The average subscriber will have chosen a viewer's package after careful consideration of preference, benefit, enrichment and costs. In one Italian forum, there is page after page of complaints by Race Car fans because after months of advertisements and related subscription promotions for an upcoming world race, the very channel on which it was to be shown, simply disappeared without warning, much like the BBC channel. And in a service that is predominantly attractive to sports enthusiasts, the BBC channel was the only one of its kind. Seriously, the only one. Italians, too, are outraged. Many of their comments echo the complaints of their English speaking neighbors while others are specific to Italian concerns. They mention good programming, well written plots, beautiful cinematography, intelligent documentaries and interesting, humorous or original shows. They also mention the fact that many had used the channel to improve and exercise their English skills; that it was but one masterfully crafted golden needle in a haystack filled with filthy, monotonous and identical hay needles, that is Italian television; that in a country longing for respect and respectability on the global stage, the absolute lack of original English language programming does little to encourage its citizens to compete with other more culturally aware, linguistically adept and modern forward moving nations.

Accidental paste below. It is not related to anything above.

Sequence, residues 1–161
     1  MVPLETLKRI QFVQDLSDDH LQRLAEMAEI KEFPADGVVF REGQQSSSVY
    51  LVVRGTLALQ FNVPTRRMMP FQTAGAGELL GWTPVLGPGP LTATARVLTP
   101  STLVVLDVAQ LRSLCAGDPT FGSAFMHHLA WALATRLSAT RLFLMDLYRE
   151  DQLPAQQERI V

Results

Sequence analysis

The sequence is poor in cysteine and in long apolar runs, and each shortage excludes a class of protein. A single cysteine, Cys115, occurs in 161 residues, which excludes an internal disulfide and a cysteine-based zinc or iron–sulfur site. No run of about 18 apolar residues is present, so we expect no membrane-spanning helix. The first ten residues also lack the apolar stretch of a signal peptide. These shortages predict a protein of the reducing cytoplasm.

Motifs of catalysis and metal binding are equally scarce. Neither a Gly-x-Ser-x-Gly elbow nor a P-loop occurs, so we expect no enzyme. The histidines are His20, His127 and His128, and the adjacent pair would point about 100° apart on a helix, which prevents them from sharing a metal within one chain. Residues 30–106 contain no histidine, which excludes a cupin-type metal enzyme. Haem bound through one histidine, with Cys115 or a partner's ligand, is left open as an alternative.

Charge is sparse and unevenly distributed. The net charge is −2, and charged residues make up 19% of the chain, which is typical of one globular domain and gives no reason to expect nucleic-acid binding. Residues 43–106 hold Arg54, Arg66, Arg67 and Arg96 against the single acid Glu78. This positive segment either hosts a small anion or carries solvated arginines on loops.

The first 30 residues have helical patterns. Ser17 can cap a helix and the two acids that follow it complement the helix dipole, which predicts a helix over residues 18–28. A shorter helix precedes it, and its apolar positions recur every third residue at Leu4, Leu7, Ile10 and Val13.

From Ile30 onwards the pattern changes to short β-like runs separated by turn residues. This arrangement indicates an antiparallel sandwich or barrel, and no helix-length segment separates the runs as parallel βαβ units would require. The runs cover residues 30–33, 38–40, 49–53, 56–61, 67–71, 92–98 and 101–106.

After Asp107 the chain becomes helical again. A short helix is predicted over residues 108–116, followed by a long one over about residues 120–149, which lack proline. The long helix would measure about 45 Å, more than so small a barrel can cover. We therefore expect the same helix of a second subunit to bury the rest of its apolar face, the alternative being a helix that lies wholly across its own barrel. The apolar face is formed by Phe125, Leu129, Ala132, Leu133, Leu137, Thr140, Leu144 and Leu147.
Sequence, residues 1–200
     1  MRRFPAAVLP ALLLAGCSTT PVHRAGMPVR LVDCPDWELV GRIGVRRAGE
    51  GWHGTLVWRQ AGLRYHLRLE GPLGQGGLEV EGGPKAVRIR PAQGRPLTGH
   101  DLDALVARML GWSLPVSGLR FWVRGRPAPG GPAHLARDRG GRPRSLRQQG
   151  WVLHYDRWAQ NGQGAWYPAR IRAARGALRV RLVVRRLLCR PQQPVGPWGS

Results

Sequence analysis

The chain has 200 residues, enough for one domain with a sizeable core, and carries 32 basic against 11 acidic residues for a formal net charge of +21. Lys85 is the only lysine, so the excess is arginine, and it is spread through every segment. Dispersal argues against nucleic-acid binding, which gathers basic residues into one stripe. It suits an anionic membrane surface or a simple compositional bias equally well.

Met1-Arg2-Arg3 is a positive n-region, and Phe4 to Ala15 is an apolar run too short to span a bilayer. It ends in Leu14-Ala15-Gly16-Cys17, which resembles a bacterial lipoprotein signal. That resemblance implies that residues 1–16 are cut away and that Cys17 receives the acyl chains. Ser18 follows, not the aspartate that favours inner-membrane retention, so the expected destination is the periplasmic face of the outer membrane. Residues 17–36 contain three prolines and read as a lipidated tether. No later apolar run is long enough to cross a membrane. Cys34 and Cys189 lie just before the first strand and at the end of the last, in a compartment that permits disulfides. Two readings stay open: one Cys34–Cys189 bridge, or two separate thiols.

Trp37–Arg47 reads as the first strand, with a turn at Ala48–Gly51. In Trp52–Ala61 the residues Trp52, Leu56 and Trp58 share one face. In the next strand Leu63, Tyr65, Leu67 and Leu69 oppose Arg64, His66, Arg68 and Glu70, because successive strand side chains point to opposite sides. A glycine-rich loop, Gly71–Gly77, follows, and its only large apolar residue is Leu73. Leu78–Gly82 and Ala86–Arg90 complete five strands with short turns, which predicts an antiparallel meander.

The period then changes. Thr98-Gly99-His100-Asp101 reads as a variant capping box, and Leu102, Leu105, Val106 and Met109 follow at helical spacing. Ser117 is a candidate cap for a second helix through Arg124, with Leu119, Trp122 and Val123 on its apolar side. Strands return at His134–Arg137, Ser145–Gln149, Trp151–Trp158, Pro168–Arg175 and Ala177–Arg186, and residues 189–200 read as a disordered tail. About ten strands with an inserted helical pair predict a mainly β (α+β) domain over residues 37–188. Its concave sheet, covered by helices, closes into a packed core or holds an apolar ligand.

The (irresponsible) dog owner behaves as though all of Italy is his dog's personal toilet. The government makes a bazillion lofty ordinances and laws, but fails to enforce them. The average Italian Gio is left to scrape the digested remains of some pampered canine off his new shoes with an old newspaper or on the curbside, or attempt to remove what is humanly possible by dragging his foot firmly and repeatedly across random sections of grass springing up from cracked and uprooted pavement, all the while avoiding other, new deposits of la pupù.